• Safety Standards: The bill mandates regular safety inspections for common areas, including playgrounds, pools, and recreational facilities. These inspections are crucial to ensure the safety and well-being of all residents.
  • Building Inspections: HOAs must conduct structural inspections of all buildings over 30 years old, or over three stories high, every ten years. This is to ensure the safety and integrity of residential buildings, preventing potential hazards.
  • Maintenance Plans: Associations are required to develop and implement comprehensive maintenance plans for all common areas and amenities. These plans must be reviewed and updated annually, ensuring ongoing upkeep and safety.
  • Interior Modifications: Prevents the enforcement of a rule or covenant restricting what can be done inside the interior of structures for changes that are not visible from the parcel’s frontage, an adjacent parcel, common area or community golf course.

Additional key provisions affecting HOAs under HB 1203

  • An HOA with 100 or more parcels must have a website, and the new law provides for which documents must be posted on that website
  • Before October 1, 2024, all HOAs must provide a physical or digital copy of the association’s covenants and rules to every member of the association
  • All HOAs must adopt hurricane protection specifications for each structure or other improvement on a parcel governed by the association.
  • Pickup trucks cannot be prohibited from being parked in the owner’s driveway or any other area where the owner or their guest or invitee has the right to park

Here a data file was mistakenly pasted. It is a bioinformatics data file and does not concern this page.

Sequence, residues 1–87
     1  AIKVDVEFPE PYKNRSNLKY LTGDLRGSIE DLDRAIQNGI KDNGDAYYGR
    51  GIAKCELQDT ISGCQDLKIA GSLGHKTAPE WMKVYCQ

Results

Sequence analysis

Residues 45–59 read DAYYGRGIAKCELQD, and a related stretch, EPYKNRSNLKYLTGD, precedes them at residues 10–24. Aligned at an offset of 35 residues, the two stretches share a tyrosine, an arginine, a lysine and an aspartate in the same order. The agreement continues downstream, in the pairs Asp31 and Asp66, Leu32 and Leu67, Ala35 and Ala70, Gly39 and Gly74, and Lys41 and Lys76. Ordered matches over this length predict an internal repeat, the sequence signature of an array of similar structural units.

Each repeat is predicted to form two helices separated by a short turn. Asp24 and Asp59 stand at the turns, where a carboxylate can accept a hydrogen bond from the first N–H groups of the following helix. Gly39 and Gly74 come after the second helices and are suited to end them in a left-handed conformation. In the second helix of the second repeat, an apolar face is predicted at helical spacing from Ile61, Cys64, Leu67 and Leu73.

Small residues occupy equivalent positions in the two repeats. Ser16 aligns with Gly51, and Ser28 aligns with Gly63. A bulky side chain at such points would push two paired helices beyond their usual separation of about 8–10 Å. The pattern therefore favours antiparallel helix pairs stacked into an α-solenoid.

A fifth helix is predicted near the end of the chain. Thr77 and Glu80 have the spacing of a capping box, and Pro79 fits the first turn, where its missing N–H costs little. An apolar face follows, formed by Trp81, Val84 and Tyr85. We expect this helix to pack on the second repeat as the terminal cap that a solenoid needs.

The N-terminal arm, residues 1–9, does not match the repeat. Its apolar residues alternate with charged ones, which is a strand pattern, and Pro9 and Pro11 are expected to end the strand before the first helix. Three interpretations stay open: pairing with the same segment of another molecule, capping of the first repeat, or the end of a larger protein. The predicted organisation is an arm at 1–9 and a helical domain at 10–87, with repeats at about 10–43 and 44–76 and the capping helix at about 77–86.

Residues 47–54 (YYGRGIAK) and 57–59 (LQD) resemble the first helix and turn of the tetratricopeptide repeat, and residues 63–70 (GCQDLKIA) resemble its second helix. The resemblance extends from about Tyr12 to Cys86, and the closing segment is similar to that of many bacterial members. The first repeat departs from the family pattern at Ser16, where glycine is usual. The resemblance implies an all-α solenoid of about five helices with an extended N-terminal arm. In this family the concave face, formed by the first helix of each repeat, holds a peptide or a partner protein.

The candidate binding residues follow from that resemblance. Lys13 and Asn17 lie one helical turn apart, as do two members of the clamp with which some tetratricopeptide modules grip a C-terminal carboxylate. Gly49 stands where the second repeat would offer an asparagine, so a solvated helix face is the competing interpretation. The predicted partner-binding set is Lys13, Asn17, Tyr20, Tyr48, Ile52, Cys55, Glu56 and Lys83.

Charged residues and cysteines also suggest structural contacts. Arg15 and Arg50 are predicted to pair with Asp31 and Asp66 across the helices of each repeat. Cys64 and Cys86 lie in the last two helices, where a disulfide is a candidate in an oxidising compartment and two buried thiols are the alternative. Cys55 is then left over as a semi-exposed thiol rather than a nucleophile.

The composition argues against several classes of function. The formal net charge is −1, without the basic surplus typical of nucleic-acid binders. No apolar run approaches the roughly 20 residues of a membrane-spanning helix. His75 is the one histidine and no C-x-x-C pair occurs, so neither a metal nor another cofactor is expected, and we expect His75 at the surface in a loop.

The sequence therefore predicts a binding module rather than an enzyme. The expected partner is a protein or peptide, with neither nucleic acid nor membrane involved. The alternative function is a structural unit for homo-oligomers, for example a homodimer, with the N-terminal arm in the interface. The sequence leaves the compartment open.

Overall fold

• Work vehicles regardless of any insignia or visible designation on the vehicle cannot be prohibited from being parked anywhere the owner, guest, or invitee may park, so long as it is not a “commercial motor vehicle” as defined in the Florida Statutes
  • Contractors may not be prohibited from entering the community solely because the contractor is not on a preferred vendor list
  • Homeowners’ association documents may not preclude a property owner from hiring a contractor solely because the contractor does not have a professional or occupational license to conduct work.
  • The HOA may not require a contractor or worker to present an occupational license to be allowed entry into the HOA.

Bahia Property Management: Navigating Legislative Changes with you

As the landscape of HOA regulations continues to evolve, Bahia Property Management remains committed to providing our clients with the latest information and expert guidance. At Bahia Property Management, we are here to ensure your community thrives under the new legislation.

Contact us today to learn more about our comprehensive property management services and how we can help your association stay compliant and efficient.